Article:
Readers who follow my blog posts know that I wrote one in late June titled “Where Have All the Hummers Gone?” Except for one reader who joked that she thought I meant the behemoth, gas-guzzling vehicles, most wrote with sympathetic sentiments about my dearth of hummingbirds and sent helpful suggestions about how to attract some.
In this my last word on the hummingbird (well, for this season anyway), I’m happy to report that I have one! For three months I faithfully watched that forlorn feeder, changing the nectar often. I even tried different varieties of feeders, but no visitors arrived. Finally I saw the familiar, precious silhouette of a hummer early one morning in mid-July. I’m delighted to say that he (and I’m just assuming it’s a he) now visits in the first light of dawn each day. And I have learned to be ever so grateful.
Those of you who enjoy a plethora of hummers dipping, diving, and buzzing around your feeders may wonder how I could seem so content with just one, but it’s all a matter of perspective. Because he always arrives during my morning quiet time, it’s as if the Lord sends him as a special blessing on my day. One is enough to deliver this blessing. One is enough to bring me joy. One is enough.
And there are other lessons to be heard from hummingbirds. I had lunch with a friend a few weeks ago, a friend who lives in a canyon south of town by the mountains and has to fill her feeders several times a day. She commented that the rufous always comes around to chase all the other birds away from the feeder, but then never drinks himself! “Isn’t that just like people?” she mused. “We think we want what somebody else has, but we really don’t need it!”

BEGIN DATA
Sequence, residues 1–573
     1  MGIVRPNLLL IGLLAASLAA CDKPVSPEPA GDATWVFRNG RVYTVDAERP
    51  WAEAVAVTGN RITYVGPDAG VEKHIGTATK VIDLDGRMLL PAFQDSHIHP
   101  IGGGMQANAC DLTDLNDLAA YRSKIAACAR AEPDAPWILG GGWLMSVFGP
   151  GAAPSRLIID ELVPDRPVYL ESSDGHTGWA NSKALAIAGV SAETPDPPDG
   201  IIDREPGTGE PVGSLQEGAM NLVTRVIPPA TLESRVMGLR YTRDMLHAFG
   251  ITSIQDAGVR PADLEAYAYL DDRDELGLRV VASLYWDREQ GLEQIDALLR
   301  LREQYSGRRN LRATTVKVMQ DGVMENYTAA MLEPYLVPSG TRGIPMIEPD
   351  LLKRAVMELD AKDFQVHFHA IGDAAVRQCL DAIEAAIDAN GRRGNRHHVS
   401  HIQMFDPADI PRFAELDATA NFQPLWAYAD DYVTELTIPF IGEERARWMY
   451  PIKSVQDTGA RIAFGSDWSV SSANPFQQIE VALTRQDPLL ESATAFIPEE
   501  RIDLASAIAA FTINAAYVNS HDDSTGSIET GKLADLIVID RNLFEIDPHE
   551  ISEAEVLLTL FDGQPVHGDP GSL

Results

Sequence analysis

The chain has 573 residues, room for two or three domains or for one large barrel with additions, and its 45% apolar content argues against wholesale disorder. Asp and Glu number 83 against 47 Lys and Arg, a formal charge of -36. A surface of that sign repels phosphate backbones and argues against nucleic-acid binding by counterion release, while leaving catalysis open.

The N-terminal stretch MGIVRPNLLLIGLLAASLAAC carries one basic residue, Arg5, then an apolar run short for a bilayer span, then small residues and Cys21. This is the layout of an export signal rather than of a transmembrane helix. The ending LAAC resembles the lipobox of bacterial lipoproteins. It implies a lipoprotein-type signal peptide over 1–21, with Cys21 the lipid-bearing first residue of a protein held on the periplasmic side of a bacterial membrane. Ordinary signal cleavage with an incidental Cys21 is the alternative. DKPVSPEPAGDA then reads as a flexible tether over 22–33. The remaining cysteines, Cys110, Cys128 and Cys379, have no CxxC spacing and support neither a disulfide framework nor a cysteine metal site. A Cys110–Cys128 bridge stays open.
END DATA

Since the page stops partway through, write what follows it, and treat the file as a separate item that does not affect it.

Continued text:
Another friend texted to tell me her feeder on the west side was buzzing with nine hummers at once. I was pleasantly surprised by my reaction when I realized I wasn’t the least bit jealous! I could have been, but I wasn’t. Instead I was truly happy for her and relieved to know that at least hummingbirds were alive and well somewhere. Anyway, I have one. And one is enough.
Maybe part of my contentment comes because we had the opportunity to go up to the mountains twice this summer and I got to enjoy the hummingbirds there. Or maybe it’s just the old adage that “you don’t miss what you have until it’s gone” at play. I really missed having a lot of hummingbirds, so now I’m content with my one little buddy.
So drink deeply, tiny friend. My offering of nectar is all for you, and I’ll see you in the morning.